Saturday, May 27, 2017

Technical Problem or Wrong User Experience?

I'm going to start off with some general statements:
  • Programmers by their nature love solving problems, the harder the problem the more satisfied we feel when we have the solution.
  • Programmers also love to try new things, new programming languages, frameworks or technically challenging features we've seen somewhere.
  • Product owners have a tendency to want to use familiar features they have seen in software or websites they use often.
  • When designing software with any kind of UI it's surprisingly easy to forget that it needs to be used by another human being.
  • Many technical problems aren't obvious until a solution is exposed to production size data and load.

Why do any of these statements matter?

A couple anecdotes from my professional career:

How many soccer games are there in the world at any one time...
I worked with a great team on a sports betting website for many years and soccer was (and probably still is) the most popular sport for most of the year. One day we had to look into some performance problems with the site, it wasn't loading quickly enough and our clients were complaining. To give you some rough numbers to put things into perspective:
  • 1 League on average is ~ 21 KB of data to display the games and odds
  • 50 Leagues would take ~ 1 MB
  • 1,024 users getting that much data would consume ~ 1 GB
  • 1,048,576 (~100k) users would consume ~ 1 TB
These are very conservative numbers for this site but they're nice numbers to work with to illustrate the problem and how quickly it can grow under production load.
The solution the team was given in order to solve the problem was to use infinite load (made popular by Twitter and Facebook) in order to keep the initial transfer small and fast. A quick discussion with the team identified a few problems with this approach so it was tweaked a bit, implemented and released. In most teams, this would have been the end of the discussion but at this point, my team had been listening to me (and once converted helping me) evangelise User Experience for a few years and this turned out to be a bit of a catalyst. We put ourselves in our user's shoes and asked as a user if I've never bet on soccer and probably never will, can we load the sport, league or game I'm most likely there to place a bet on by default. By going straight to what the user wants and not loading something the user had no interest in we were able to provide a better experience and save on that wasted transfer and load time. The resulting change in how we looked at our site, UI and UX affected many of the projects that came afterwards.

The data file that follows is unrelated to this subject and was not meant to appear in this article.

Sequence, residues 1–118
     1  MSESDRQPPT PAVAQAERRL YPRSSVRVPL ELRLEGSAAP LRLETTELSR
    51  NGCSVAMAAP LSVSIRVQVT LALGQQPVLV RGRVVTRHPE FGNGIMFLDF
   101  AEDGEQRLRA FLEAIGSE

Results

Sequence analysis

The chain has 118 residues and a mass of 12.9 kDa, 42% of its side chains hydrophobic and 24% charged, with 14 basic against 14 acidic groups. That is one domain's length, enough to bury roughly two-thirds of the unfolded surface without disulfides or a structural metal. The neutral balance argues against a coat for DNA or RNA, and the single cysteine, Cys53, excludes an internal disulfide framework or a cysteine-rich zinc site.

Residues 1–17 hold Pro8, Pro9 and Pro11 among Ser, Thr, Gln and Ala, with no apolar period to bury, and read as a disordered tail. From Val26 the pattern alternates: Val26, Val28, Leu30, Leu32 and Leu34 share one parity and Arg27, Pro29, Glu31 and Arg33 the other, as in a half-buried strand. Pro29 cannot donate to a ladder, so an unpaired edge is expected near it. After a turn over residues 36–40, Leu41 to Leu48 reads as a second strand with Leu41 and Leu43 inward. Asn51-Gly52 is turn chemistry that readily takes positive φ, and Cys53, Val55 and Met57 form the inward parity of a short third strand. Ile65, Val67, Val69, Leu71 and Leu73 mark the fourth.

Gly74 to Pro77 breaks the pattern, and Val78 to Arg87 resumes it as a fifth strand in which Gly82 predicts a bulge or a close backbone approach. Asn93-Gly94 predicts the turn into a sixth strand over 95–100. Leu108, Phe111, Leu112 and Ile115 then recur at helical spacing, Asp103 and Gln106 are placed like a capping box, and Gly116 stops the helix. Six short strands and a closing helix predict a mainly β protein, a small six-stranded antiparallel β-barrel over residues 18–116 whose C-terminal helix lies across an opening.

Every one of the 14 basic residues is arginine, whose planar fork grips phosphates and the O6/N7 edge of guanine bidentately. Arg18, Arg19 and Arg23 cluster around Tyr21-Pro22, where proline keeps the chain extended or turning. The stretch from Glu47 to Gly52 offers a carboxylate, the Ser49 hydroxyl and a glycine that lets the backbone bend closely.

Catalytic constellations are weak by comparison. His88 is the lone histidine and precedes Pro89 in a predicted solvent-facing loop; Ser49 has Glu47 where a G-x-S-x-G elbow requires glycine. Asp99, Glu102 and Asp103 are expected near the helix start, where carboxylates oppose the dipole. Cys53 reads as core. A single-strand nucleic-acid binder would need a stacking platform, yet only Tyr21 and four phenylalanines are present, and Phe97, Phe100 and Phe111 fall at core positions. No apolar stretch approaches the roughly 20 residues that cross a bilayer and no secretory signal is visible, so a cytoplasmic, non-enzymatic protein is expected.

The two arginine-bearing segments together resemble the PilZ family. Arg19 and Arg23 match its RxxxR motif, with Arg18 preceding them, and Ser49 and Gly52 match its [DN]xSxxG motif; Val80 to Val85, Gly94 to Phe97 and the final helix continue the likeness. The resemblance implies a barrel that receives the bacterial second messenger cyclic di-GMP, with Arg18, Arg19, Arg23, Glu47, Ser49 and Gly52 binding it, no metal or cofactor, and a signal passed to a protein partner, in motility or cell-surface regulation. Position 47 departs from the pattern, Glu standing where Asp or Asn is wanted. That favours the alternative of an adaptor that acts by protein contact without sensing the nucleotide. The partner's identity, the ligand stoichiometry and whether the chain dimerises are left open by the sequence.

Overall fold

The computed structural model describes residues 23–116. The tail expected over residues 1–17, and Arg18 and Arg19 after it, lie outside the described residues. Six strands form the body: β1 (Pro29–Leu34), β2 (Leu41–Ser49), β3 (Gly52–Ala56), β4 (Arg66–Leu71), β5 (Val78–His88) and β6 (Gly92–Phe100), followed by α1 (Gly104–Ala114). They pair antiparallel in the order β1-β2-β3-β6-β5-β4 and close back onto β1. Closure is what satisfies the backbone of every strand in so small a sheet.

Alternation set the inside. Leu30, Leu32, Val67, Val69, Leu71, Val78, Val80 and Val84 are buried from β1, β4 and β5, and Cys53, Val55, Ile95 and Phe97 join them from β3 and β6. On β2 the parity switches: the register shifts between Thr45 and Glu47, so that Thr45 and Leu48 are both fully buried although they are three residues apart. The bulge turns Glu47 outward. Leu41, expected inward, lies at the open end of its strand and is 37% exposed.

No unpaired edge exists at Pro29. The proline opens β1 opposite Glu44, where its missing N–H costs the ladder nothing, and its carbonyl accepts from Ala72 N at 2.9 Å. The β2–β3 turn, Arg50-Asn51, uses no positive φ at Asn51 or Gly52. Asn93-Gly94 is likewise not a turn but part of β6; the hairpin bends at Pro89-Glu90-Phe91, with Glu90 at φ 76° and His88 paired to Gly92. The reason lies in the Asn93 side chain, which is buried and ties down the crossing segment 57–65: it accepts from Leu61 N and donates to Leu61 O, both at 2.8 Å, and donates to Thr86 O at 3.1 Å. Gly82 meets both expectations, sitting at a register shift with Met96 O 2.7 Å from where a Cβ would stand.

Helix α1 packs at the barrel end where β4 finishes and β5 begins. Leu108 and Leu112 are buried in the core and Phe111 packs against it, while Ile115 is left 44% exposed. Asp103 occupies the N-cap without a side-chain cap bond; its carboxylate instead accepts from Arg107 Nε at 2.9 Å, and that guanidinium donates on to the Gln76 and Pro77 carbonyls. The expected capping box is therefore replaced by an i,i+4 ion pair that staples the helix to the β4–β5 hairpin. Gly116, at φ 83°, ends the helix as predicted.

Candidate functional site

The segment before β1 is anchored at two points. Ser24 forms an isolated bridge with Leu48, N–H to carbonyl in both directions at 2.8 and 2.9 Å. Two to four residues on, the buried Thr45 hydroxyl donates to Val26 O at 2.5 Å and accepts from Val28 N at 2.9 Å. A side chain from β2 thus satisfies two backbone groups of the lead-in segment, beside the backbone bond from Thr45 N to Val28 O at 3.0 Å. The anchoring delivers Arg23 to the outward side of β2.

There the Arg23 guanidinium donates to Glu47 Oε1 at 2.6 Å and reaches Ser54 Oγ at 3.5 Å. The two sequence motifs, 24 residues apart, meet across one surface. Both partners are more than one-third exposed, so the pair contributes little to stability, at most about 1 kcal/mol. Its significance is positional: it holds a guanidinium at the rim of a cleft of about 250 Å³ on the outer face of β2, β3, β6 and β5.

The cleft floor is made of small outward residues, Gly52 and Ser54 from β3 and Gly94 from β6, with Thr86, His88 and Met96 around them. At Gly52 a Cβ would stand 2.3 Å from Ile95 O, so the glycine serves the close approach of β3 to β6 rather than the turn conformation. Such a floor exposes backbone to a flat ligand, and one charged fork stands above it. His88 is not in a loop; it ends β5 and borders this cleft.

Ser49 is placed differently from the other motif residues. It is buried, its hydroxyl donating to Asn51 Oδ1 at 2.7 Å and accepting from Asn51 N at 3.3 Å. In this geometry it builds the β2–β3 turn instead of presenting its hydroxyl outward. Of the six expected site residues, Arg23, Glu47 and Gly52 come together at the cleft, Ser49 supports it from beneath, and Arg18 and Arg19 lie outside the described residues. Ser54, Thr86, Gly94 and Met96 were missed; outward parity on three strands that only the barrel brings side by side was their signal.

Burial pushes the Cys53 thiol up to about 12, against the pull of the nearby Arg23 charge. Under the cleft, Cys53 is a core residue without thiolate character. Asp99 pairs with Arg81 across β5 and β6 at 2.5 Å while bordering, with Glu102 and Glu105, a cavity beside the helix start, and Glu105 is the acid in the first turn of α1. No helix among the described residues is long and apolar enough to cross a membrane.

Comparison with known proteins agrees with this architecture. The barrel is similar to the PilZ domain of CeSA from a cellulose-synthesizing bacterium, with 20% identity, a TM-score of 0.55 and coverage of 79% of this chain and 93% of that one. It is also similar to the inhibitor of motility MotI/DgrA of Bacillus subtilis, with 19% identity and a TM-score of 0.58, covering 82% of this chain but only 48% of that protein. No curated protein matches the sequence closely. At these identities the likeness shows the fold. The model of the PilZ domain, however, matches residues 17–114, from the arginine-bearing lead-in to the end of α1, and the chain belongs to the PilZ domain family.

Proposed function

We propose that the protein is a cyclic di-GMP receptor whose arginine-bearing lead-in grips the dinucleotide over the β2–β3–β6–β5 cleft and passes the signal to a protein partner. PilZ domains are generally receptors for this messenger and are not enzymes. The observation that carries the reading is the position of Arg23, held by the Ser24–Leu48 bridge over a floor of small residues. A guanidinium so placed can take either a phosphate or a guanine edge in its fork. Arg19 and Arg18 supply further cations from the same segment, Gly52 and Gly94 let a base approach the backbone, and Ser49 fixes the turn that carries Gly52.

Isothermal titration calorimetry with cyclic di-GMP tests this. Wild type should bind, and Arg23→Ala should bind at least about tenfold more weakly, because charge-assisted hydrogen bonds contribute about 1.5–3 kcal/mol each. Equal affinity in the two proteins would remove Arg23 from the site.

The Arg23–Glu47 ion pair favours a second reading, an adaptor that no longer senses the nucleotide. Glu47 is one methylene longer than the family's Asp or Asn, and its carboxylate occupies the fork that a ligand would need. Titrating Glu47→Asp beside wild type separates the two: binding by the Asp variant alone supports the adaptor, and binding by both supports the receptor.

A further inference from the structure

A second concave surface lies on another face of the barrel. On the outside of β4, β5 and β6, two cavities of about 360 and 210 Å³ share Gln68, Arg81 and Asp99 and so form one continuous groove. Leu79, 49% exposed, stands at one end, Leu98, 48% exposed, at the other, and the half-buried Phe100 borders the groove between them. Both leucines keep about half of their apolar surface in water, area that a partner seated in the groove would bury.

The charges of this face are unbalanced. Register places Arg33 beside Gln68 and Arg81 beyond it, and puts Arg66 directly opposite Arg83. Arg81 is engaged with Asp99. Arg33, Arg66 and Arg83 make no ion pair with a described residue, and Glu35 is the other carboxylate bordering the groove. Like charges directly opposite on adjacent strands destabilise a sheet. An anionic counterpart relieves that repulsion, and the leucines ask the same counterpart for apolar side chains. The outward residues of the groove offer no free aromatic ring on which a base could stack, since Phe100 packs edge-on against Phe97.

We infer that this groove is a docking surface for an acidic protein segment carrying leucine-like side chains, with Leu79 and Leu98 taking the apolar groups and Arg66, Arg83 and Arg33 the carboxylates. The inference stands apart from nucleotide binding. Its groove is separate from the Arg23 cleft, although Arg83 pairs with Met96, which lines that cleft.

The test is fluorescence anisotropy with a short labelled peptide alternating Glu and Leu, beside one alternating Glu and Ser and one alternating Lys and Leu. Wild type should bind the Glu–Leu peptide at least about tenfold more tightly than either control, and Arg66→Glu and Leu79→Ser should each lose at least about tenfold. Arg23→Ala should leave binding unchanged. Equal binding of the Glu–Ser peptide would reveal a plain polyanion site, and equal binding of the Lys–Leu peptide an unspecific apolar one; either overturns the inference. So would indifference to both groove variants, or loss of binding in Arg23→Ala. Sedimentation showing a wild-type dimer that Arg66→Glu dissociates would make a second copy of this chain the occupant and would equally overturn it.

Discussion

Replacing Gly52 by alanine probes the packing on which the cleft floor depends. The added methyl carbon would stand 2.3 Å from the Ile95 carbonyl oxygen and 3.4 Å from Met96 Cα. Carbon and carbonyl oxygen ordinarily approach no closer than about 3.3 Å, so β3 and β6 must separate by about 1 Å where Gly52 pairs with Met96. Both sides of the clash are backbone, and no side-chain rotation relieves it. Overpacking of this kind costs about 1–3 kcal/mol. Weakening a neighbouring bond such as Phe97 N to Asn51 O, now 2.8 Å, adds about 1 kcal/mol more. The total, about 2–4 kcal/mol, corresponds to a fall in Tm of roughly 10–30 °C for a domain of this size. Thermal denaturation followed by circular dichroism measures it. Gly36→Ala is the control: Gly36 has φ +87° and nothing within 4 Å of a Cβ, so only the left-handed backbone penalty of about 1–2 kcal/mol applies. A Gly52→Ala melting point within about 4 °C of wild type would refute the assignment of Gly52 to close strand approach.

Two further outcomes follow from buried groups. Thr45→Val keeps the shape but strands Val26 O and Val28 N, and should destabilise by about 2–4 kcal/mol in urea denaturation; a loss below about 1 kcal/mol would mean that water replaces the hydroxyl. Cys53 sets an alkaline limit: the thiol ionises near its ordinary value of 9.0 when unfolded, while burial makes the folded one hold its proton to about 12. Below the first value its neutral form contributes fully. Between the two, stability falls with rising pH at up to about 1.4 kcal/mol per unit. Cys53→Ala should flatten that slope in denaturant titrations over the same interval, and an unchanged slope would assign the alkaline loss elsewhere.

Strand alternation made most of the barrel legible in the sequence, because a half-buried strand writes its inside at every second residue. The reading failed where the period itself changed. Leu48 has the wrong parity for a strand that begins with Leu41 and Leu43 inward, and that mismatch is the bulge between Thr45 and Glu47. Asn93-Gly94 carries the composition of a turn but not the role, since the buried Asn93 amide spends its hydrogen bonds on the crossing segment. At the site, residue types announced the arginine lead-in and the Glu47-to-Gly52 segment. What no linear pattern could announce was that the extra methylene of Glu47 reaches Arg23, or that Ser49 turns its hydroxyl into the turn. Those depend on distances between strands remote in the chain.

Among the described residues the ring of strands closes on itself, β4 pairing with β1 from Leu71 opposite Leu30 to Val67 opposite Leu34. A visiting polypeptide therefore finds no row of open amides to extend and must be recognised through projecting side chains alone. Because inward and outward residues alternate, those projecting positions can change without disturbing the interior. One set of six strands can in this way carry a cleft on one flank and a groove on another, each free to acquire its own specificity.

How many commercials are being sent to broadcasters at any one time...
Years later I'm at a new company in a completely different part of the world and industry and I find myself in a familiar situation. I'm working with another very talented team on some interesting and complex problems and I see my old friend the infinite load. Without getting into too much detail about the overall process it turns out when creating and delivering TV commercials to broadcasters there are many people interested in whether or not the commercial has been delivered. To solve this problem there was a tracking page which loaded everything the user had access to and may be interested in. To avoid overwhelming the browser this page also used an infinite load to keep adding deliveries as the user scrolled down. I'll try not to go off on a tangent on why infinite load is a horrible user experience, suffice it to say that the most popular uses of it are on sites where people go to essentially waste time and don't really know what they're looking for. So I started looking at this page and asking, from a users perspective is this really a good experience for me?
For example, as someone who has created an order and is trying to deliver multiple files to multiple broadcasters, I'm probably very interested in those deliveries as a group.
Now change takes time and there's always more work to be done than time to do it so at the time of writing this I can't say whether or not I've been able to incept the same type of change in the company but I'm happy to say that I can see a change within the team members and the questions they ask.